Risk factors for secondary infertility among women in Karachi, Pakistan

Neelofar Sami, Tazeen Saeed Ali, Saba Wasim, Sarah Saleem

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31 Citations (Scopus)


Background: Secondary infertility in developing countries is mostly attributable to blockage of the fallopian tubes due to adhesions caused by reproductive tract infections. There is a dearth of information on the prevalence and causes of secondary infertility from Pakistan. This paper presents results on factors associated with secondary infertility among married women in Karachi, Pakistan. Methods: A matched case-control study was conducted. Cases were women aged 15-35 years with history of at least one previous conception and currently seeking treatment for secondary infertility. Controls were women residing in the neighborhood of cases with at least one live birth and not taking treatment for secondary infertility. The age of controls was matched by ±5 years to that of cases. Data was collected from June to August 2003. Conditional logistic regression was used to determine crude and adjusted odds ratios (OR) with corresponding 95% confidence intervals (CI) for factors associated with secondary infertility. Results: The final multivariate logistic regression model revealed that after adjusting for age, cases were more likely to be the housewives (AOR = 2.6, 95% CI:1.5-4.4), had used inappropriate material to absorb blood during menstruation (AOR = 9.0, 95% CI: 5.0-16.4), and at their last delivery, had a birth attendant who did not wash hands with soap and water (AOR = 3.0, 95% CI: 1.4-5.7). Moreover, women with secondary infertility were more likely to report current or past history of having STI symptoms (AOR = 3.6, 95% CI: 2.4-5.6) and use of intra-vaginal indigenous medicines during their last post-partum period (AOR = 3.1, 95% CI: 1.6-5.7). Conclusion: We recommend health education and awareness messages for safe practices during menstruation, delivery, and the postpartum period for women in general. Additionally, sanitary napkins should be made available at an affordable cost, and safe delivery kits should contain educational/pictorial brochures for appropriate hand washing skills.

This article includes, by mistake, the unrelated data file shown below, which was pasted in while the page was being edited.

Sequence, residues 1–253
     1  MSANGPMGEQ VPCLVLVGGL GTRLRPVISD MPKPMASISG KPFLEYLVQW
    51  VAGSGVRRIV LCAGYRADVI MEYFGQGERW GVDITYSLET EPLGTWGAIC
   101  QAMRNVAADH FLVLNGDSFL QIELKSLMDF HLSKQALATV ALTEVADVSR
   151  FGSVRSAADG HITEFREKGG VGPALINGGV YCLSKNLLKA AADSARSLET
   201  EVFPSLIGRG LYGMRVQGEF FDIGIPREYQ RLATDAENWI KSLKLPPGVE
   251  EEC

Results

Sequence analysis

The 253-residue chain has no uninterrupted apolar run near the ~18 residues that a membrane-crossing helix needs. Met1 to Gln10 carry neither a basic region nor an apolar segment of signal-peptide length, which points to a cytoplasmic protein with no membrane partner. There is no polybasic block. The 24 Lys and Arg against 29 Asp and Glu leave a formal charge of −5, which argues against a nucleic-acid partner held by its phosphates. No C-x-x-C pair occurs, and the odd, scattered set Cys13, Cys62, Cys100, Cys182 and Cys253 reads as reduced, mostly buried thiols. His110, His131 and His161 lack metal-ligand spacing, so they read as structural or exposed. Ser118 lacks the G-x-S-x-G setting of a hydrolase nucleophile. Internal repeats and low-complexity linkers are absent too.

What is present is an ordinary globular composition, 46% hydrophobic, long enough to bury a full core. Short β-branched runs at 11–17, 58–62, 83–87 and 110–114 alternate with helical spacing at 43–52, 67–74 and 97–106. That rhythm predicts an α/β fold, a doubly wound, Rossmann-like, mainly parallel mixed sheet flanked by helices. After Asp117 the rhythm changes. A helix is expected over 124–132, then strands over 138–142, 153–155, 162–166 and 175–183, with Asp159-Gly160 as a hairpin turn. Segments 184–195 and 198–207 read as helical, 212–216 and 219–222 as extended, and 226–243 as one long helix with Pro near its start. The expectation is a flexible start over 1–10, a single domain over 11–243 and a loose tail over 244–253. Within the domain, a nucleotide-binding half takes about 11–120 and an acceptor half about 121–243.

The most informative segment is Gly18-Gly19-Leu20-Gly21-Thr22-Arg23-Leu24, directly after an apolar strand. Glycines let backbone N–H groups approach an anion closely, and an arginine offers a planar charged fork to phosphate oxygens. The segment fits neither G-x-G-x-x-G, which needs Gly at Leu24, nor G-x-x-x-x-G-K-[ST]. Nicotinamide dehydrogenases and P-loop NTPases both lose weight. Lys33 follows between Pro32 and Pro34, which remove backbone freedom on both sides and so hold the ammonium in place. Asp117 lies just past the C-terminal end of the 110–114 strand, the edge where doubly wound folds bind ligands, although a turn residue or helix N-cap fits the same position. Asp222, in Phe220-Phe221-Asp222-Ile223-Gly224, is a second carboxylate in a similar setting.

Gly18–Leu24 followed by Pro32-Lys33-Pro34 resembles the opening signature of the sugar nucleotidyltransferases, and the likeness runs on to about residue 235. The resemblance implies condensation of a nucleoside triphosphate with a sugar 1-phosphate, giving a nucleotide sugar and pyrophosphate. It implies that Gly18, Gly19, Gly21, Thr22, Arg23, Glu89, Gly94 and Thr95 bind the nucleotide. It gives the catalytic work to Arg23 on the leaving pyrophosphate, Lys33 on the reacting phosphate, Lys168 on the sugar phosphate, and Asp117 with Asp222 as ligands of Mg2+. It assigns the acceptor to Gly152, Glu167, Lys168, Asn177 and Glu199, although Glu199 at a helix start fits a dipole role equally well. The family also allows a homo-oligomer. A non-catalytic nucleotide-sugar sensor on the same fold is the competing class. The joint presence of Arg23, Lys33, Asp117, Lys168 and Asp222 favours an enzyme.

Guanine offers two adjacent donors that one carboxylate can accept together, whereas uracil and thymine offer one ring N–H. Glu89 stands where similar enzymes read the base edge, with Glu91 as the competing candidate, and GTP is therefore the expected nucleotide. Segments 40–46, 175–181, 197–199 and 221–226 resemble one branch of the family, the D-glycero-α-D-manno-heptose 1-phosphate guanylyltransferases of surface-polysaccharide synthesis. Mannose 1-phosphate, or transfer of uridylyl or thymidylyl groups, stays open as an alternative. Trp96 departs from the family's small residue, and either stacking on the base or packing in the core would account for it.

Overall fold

Original languageEnglish
Article numbere35828
JournalPLoS ONE
Issue number4
Publication statusPublished - 27 Apr 2012


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